Large capital pools, FDI drive UAE banking sector growth

Banking sector saw total assets of the top 10 banks has increasing by 10.6% in 2022

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Issac John

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uae, economy, recovery, fast, central bank, tess, covid,
uae, economy, recovery, fast, central bank, tess, covid,

Published: Mon 27 Mar 2023, 4:45 PM

UAE banks benefit from large pools of capital and high net worth customers on the back of a vibrant economy and a favourable business environment that continue to attract significant amounts of foreign investments, according to analysts at leading global accounting and rating firms.

The banking sector, which has been receiving major fillip from government’s commitment to regulatory reforms, saw total assets of the top 10 banks has increasing by 10.6 per cent in 2022 year-on-year to $898.89 billion driven by strong growth in deposits, loans, and advances, KPMG said in its UAE Banking Perspectives report.


According to the Central Bank of the UAE, the nation’s economy is estimated to have grown by 7.6 per cent in 2022, the highest growth in 11 years, after expanding 3.9 per cent in 2021. In 2023, the country’s economy is projected to grow 3.9 per cent in 2023, according to the regulator. The foreign direct investment flow into the UAE in 2022 was estimated at $22 billion by the Institute of International Finance.

Moody’s in its latest report said the improving operating environment has supported the profitability of the top lenders – First Abu Dhabi Bank, Emirates NBD, Abu Dhabi Commercial Bank and Dubai Islamic Bank — which account for about 77 per cent of banking assets in the UAE. The combined reported net profit of the four lenders climbed to $9.0 billion in 2022— up from $8 billion recorded in 2021 and $8.3 billion in 2019. The bottom line growth will continue in 2023, albeit at a slower pace, the rating agency said.


KPMG’s report noted that after recording a robust operating and financial performance in 2022 with a 31 per cent increase in their net profits, the vibrant banking sector remained well-positioned to maintain a stable outlook in 2023 “with the growing demand for digital financial services, rapid adoption of fintech solutions enhancing customer experience and industry competitiveness.”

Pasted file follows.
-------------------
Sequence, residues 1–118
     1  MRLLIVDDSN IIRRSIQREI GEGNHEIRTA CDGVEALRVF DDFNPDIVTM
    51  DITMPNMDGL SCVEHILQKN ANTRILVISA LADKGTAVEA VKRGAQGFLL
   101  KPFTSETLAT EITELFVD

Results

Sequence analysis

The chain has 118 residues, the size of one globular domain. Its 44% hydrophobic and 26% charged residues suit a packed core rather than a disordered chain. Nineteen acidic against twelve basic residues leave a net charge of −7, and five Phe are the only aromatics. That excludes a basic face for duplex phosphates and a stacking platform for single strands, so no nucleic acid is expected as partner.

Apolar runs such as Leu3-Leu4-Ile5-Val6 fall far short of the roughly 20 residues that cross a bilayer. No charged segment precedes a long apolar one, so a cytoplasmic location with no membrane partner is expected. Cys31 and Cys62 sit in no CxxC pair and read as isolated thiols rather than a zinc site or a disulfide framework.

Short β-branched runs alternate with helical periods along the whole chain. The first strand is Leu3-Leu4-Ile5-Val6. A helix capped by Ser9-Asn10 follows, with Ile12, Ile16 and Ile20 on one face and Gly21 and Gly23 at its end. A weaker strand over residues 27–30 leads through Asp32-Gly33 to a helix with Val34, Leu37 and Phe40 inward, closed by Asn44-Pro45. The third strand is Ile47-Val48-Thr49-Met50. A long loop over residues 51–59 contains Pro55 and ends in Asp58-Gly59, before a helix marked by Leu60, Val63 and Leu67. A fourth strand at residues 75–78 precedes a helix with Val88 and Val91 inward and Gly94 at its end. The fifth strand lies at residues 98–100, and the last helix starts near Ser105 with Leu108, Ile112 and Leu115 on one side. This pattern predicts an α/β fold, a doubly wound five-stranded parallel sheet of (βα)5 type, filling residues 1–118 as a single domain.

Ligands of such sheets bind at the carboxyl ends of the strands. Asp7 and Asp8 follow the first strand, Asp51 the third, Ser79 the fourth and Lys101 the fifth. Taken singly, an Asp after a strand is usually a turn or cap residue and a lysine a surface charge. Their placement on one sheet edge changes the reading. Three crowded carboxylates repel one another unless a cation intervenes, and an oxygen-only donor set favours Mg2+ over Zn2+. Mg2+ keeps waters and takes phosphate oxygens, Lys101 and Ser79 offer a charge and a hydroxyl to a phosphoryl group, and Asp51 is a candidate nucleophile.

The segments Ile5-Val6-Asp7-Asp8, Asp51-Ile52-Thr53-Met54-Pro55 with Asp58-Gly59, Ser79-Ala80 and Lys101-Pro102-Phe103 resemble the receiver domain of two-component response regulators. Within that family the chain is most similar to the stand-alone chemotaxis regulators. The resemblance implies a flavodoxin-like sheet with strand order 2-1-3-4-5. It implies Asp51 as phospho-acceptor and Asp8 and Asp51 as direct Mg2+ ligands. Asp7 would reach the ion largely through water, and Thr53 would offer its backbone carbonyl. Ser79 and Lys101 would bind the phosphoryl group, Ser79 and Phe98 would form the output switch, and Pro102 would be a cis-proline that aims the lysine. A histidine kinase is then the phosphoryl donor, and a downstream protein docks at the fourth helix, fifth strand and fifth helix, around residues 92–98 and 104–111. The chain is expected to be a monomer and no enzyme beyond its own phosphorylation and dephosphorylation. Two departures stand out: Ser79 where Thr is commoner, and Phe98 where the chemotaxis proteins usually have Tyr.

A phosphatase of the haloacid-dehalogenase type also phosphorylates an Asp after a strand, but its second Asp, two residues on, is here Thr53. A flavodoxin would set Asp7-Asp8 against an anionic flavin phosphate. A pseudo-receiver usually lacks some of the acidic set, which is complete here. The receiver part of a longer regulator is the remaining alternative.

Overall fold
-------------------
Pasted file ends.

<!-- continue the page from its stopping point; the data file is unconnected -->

Abbas Basrai, partner and head of Financial Services at KPMG Lower Gulf. - Supplied photo
Abbas Basrai, partner and head of Financial Services at KPMG Lower Gulf. - Supplied photo

Alvarez & Marsal, a leading global professional services firm in its recent UAE banking Pulse for 2022 noted that the aggregate net income of the top 10 lenders increased by 31.7 per cent year-on-year in 2022 to Dh49.8 billion driven primarily by higher net interest income.

The country’s 10 largest listed banks include First Abu Dhabi Bank, Emirates NBD, Abu Dhabi Commercial Bank, Dubai Islamic Bank, Mashreq Bank, Abu Dhabi Islamic Bank, Commercial Bank of Dubai, National Bank of Fujairah, National Bank of Ras Al Khaimah and Sharjah Islamic Bank.

“The UAE’s vibrant economy and its favourable business environment have attracted a significant amount of foreign investment, with banks benefiting from large pools of capital and high net worth customers the UAE is attracting. One of the major factors contributing to the sector’s stability is the government’s commitment to regulatory reforms. Measures taken by the Central Bank of the UAE to strengthen governance frameworks have led to increased transparency and accountability,” said Abbas Basrai, partner and head of Financial Services at KPMG Lower Gulf.

The study noted that banks are recording an increase in the cost of compliance to manage risks associated with regulatory reform. From 2019 till early 2022, the Middle East recorded a 63 per cent increase in the size of its organizations’ compliance teams. The total projected cost of financial crime compliance is $4.2 billion in early 2022, with the UAE representing a sizable chunk of this at $1.7 billion (40 per cent).

The study observed that industry net sentiment improved 7.0 per cent in 2022, with customer service generating the highest volume of negative social media conversations.



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